For those unfamiliar with the symphonies of Danish composer Carl Nielsen (1865–1931)—that includes me—the startling opening of his Third Symphony, "Sinfonia espansiva," will undoubtedly come as a shock. Its relentless pounding chords, played at an accelerating pace by the entire orchestra on the same pitch, may owe more than a little to Beethoven's Third Symphony, "Eroica," but their language is far more modern, and reflective of an era profoundly unsettled. Heard in high-resolution stereo (24/96 WAV) in the new live recording of Nielsen's Symphonies No. 3 and 4 from the Seattle Symphony, conducted by their Music Director Designate, Thomas Dausgaard, the symphony's opening volley seems calculated to catch us off guard, and convince us to listen with care to whatever may follow.
Jason Victor Serinus  |  Dec 10, 2017  |  3 comments
Few violinists would consider saddling a recording with a title as grand and potentially pretentious as Grandissima Gravita. But not only is Rachel Podger's latest Channel Classics hybrid SACD with her ensemble, Brecon Baroque, grandly played—Podger is brilliant as always—but its title also serves as an apt descriptor of the emotional tenor of most of the works on the program.
Jason Victor Serinus  |  Dec 03, 2017  |  4 comments
At age 16, South African soprano Pretty Yende (b. 1985) encountered the now legendary British Airways TV commercial whose soundtrack included the gorgeous "Flower Duet" from Délibes's Lakmé. Now, at twice that age, Metropolitan Opera star Yende has released her second solo album for Sony. Entitled Dreams, the recording is packed with well-known, high-flying soprano coloratura calling cards.
Jason Victor Serinus  |  Nov 26, 2017  |  5 comments
Overflowing with heart, Brahms' three Trios for violin, cello, and piano are amongst the most venerated chamber works in the literature. Completed over a span of 35 years, they reveal Brahms forever true to his love and longing. Again and again it surfaces, expressed through an irrepressible love for melody, Hungarian and gypsy sentiments, romance and drama that sings and sighs at its most vulnerable in this special, two-disc Sony recording of the Brahms Piano Trios from cellist Yo-Yo Ma, pianist Emanuel Ax, and violinist Leonidas Kavakos.
Jason Victor Serinus  |  Nov 19, 2017  |  6 comments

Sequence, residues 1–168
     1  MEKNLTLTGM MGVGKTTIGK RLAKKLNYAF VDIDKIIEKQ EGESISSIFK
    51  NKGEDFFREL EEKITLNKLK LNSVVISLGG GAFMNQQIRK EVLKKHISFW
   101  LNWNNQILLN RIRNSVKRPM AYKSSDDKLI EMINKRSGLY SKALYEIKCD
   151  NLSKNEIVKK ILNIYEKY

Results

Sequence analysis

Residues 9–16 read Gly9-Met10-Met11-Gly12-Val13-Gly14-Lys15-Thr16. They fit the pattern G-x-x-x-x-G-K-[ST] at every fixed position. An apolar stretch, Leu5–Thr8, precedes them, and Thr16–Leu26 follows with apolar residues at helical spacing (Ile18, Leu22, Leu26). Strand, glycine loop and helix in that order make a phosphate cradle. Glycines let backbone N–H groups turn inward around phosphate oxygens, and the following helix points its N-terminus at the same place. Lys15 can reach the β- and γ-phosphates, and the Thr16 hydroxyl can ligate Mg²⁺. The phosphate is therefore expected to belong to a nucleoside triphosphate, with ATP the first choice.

Every conductor who undertakes Mozart's Requiem must ask one fundamental question: Whose Requiem shall I conduct? After René Jacobs asked the question, he can up with a novel solution for his new period-aware, decidedly contemporary Harmonia Mundi recording of the Requiem with the Freiburger Barockorchester and RIAS Kammerchor.
Jason Victor Serinus  |  Nov 10, 2017  |  10 comments
"Exquisite" is not a word to be invoked lightly. In the history of vocal music on record, there has been only one singer to earn that appellation—soprano Maggie Teyte, Debussy's second Melisande, whom the great Polish tenor Jean de Reszke dubbed "L'Exquise." To that exalted category must now be added countertenor Philippe Jaroussky, whose latest recording for Warner, The Handel Album, contains some of the most exquisite singing I have ever been privileged to hear.
Jason Victor Serinus  |  Oct 29, 2017  |  6 comments
Did I really listen to and love the hi-rez (24/44.1k) file equivalent of four CDs chock-full of piano music written by and for the great Terry Riley (b. 1935)? Not only is the answer in the affirmative, but I can now honestly attests that pianist/pedagogue Sarah Cahill's Eighty Trips Around the Sun abounds in opportunities to take you on multiple mind-bending excursions through the mind of a true master.
Jason Victor Serinus  |  Oct 22, 2017  |  14 comments
How many times can one write "beautiful" before the word loses all meaning? And yet, what else can I say when Brahms' sole violin concerto, as well as his first Violin Sonata, are so profoundly touching, and played so exquisitely by violinist Vadim Gluzman, the Lucerne Symphony Orchestra under James Gaffigan, and pianist Angela Yoffe?